On Wednesday, Microsoft took the last big step in development when it released Office for Mac OS X "gold code" to manufacturing. It also set Nov. 19 as the date for the application suite to go on sale.
In addition, Microsoft clarified pricing for Office v. X and reported 90,000 downloads of the Word X Test Drive.
The new version of Office has quickly emerged as a rallying point for the Mac OS X applications market. Despite the fanfare surrounding OS X--the most significant overhaul of the Mac operating system in 17 years--software developers have been slow in porting their applications to it. Apple released the system software in late March, but major applications didn't start to appear until late summer.
"I am actually excited to see the release of Office for OS X," said Bob Young, a multimedia producer in Arlington, Va. "The application looks very promising, and I, for one, am happy to see Microsoft go out of their way for Apple users."
Like many other Mac users, Young said he was "shocked" several years ago when Microsoft Chairman Bill Gates paid a satellite visit to the Macworld trade show. Many attendees jeered Gates and Apple Computer CEO Steve Jobs.
"After all, are they not a Mac lover's enemy?" he asked. "But Jobs was way beyond all of us. He knew that the success of Apple hinged on the availability of Office for the Mac."
A native version of Office could give many users of Mac OS 8 and 9 good reason to move to OS X, particularly those working in mixed Windows and Mac environments. Mac users can run Office 2001 in OS X's Classic compatibility mode, but programs running that way can't take full advantage of the operating system's features.
"Most of the applications that I run are native on Mac OS X," said Karim Ardalan, president of Albuquerque, N.M.-based MIS, a Mac-based Web design and hosting company. "The one exception is MS Office. I run Office in Classic. Having Office for OS X would be very important to us."
Ardalan said that all of his company's Macs are OS X ready, but only two employees have upgraded to the new version. Office X would make a big difference, Ardalan said.
The release "will be very important" for Mac OS X, said Erik Ryan, Microsoft's Mac Office product manager. "Many customers are waiting for it, and Apple is excited about it. We think it will give people who are waiting to move full time to the platform reason to live in it full time. People will have no reason not to live and breathe in OS X 24/7."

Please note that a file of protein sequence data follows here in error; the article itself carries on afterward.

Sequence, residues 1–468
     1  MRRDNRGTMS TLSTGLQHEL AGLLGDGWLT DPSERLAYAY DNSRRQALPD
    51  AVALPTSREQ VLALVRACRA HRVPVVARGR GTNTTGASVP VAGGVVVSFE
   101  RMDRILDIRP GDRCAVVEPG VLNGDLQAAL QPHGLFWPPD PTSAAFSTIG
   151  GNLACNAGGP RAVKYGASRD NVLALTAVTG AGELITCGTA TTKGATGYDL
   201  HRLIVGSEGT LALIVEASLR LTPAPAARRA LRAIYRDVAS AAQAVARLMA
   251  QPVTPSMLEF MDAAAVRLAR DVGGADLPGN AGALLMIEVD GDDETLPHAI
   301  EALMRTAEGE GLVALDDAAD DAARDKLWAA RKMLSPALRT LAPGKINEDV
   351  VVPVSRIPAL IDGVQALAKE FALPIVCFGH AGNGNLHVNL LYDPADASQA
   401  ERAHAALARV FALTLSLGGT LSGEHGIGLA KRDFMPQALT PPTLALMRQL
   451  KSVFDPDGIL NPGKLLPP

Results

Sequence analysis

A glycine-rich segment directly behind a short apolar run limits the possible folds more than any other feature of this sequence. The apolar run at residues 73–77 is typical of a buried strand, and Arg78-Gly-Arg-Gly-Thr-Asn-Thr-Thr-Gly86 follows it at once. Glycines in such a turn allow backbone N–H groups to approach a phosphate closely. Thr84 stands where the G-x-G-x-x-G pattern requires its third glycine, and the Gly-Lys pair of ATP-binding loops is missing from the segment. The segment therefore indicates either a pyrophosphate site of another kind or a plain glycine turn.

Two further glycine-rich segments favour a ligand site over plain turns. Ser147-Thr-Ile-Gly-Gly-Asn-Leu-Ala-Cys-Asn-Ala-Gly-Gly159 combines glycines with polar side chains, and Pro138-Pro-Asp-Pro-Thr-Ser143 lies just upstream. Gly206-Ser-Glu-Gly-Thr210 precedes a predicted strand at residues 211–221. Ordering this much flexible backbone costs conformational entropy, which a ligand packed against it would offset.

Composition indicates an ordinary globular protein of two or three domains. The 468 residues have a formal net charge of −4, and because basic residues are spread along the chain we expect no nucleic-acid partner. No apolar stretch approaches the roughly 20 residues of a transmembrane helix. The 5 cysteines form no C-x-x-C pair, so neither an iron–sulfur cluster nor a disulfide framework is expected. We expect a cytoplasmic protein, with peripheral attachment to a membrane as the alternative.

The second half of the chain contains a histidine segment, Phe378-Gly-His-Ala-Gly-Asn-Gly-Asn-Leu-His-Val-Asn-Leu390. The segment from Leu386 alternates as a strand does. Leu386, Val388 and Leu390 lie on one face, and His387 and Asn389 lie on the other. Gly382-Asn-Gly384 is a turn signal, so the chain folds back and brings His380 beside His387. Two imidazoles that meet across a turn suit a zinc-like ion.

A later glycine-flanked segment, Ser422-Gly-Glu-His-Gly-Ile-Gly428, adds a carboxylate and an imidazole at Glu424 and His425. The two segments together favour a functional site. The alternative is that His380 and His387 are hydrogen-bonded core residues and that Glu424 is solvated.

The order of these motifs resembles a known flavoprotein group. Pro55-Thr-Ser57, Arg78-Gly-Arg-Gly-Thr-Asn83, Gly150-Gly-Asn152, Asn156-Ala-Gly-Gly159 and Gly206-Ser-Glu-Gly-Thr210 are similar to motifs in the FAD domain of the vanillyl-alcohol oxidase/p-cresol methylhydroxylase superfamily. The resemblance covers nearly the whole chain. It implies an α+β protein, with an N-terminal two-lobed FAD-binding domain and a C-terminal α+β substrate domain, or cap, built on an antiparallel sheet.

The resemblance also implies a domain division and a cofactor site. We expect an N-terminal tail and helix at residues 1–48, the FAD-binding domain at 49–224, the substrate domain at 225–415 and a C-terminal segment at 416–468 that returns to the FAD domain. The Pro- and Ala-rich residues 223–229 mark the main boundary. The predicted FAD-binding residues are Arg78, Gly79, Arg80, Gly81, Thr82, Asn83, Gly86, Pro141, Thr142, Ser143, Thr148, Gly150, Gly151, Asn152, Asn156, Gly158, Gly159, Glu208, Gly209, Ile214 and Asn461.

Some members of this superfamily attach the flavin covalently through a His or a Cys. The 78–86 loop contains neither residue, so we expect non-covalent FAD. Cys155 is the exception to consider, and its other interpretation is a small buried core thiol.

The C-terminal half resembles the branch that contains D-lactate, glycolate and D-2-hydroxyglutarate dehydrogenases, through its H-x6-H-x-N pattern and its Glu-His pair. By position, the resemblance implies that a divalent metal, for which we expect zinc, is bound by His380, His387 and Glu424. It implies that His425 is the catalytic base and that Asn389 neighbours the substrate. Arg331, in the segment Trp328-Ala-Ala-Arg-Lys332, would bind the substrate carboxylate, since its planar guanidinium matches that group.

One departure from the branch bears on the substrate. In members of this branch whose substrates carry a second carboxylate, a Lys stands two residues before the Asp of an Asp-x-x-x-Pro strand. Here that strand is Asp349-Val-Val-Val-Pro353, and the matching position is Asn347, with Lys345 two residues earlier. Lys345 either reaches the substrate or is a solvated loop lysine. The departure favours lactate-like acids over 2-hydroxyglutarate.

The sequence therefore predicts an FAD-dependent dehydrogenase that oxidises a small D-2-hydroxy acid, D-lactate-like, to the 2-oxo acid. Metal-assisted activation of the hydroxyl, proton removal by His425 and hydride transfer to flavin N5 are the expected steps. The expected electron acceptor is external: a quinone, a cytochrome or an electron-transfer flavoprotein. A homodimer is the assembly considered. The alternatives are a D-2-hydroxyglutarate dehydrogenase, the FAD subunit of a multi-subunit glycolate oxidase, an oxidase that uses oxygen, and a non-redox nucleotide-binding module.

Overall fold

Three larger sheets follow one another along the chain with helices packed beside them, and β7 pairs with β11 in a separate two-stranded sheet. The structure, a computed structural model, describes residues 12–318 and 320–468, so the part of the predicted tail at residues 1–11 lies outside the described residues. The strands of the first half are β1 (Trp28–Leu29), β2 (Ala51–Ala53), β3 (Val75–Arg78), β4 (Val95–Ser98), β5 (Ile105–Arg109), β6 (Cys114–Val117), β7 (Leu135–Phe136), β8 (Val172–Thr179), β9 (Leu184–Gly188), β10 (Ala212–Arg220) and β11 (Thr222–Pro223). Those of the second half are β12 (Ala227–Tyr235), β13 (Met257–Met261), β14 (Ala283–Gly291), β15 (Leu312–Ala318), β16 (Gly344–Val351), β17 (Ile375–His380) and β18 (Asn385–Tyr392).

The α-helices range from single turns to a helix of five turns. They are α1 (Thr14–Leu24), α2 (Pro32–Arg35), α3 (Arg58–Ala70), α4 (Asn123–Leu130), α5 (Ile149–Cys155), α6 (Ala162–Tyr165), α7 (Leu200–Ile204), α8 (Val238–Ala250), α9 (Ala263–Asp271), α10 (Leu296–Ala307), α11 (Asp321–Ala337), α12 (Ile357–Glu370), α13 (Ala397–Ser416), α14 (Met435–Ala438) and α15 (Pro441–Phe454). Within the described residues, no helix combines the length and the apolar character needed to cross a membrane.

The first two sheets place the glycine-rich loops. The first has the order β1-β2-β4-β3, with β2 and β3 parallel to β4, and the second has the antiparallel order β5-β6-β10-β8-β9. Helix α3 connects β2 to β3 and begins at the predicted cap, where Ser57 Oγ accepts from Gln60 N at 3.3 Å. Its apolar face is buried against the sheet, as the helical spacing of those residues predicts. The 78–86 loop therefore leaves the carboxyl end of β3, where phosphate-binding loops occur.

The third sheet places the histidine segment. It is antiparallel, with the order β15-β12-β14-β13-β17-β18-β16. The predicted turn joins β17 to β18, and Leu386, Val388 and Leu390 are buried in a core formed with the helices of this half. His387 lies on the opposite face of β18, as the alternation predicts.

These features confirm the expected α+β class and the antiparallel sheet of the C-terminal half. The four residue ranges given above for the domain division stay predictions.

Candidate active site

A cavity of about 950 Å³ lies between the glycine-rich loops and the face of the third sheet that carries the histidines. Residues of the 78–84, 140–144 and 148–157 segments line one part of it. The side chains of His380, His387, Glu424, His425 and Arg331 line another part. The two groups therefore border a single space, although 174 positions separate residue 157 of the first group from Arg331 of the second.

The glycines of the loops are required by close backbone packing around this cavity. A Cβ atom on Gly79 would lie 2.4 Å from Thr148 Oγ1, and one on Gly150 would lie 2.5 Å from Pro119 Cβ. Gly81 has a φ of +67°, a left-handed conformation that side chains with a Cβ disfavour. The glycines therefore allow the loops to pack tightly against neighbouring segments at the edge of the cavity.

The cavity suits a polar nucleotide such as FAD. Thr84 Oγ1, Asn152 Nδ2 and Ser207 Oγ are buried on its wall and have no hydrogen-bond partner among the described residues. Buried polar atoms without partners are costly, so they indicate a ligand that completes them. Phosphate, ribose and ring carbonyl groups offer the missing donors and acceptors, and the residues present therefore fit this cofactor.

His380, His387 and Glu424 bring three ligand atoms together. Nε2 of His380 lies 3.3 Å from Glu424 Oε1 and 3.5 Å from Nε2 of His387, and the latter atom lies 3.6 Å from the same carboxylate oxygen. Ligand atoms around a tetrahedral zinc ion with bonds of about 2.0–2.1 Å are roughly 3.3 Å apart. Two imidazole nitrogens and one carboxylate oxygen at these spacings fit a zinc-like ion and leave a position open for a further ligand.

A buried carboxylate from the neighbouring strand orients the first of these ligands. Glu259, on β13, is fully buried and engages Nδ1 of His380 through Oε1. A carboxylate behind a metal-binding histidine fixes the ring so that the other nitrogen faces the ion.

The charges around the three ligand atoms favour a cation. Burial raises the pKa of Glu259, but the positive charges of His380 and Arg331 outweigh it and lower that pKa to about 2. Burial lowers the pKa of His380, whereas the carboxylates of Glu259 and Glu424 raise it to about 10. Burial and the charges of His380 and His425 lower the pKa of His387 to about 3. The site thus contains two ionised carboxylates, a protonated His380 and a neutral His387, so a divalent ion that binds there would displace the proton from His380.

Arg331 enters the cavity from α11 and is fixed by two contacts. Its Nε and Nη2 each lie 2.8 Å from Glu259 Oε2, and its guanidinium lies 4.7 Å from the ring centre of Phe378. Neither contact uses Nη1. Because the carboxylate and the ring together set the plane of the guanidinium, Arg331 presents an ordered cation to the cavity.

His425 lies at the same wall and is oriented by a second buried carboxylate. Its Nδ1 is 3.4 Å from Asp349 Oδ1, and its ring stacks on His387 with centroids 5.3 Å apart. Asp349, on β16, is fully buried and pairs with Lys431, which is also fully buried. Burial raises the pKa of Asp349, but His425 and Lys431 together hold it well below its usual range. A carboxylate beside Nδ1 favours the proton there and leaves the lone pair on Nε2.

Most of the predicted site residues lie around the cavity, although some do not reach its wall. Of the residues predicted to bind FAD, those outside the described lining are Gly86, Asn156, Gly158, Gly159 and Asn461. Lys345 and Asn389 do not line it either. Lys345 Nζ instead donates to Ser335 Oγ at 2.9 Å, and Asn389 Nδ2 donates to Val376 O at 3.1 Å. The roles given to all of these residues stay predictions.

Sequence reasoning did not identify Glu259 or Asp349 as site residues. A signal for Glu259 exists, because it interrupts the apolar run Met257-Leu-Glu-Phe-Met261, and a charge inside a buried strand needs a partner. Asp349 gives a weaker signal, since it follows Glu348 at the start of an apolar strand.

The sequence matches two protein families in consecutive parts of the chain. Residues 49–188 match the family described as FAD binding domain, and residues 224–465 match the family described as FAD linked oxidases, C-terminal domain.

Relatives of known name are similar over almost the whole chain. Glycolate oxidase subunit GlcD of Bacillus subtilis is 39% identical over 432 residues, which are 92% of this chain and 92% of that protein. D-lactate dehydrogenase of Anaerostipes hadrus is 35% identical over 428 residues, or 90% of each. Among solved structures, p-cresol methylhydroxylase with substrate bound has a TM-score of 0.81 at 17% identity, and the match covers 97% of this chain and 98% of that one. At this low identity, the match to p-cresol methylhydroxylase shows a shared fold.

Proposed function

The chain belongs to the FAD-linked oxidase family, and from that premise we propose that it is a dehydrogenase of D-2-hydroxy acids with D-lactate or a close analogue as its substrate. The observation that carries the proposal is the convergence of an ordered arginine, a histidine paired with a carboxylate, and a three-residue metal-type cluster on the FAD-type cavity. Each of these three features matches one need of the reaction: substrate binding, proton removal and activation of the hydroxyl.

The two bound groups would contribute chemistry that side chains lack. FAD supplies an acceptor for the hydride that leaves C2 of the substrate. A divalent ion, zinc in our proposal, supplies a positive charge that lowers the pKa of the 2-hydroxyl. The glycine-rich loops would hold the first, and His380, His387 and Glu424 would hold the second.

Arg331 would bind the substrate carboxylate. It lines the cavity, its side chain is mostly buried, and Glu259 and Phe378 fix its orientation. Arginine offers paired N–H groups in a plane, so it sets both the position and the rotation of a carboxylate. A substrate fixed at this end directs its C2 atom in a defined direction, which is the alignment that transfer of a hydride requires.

Still, not all Mac users see Mac Office as reason enough to switch. William Harris, a Brookline, Mass.-based graphic-production consultant, sees driver incompatibilities with his "expensive professional legacy peripherals" as more a deterrent to upgrading than lack of native applications.
"To my mind and usage, OS X is the solution to a problem that never existed," he said. "I had zero problems with the (user interface) of OS 9...I, for one, am unlikely to do more than experiment with OS X for the foreseeable future."
Like Office 2001, the new version includes Word, the Excel spreadsheet, the PowerPoint presentation program and Entourage--the combination e-mail, scheduling, and task- and contact-management software. For the most part, Microsoft ported the existing applications to Mac OS X, while adding some new features, mainly to Entourage.
But one thing missing from Entourage X vs. version 2001 is the ability to synchronize contact and calendaring data with Palm OS-based handhelds. While it may appear to be a move away from Palm in favor of Pocket PC, Microsoft is responding to a logistical situation.
"The problem is on the Palm side," said Ryan, referring to the lack of OS X drivers and software from the handheld maker. "We will absolutely provide it as a download when it becomes available. It's something definitely in the plans."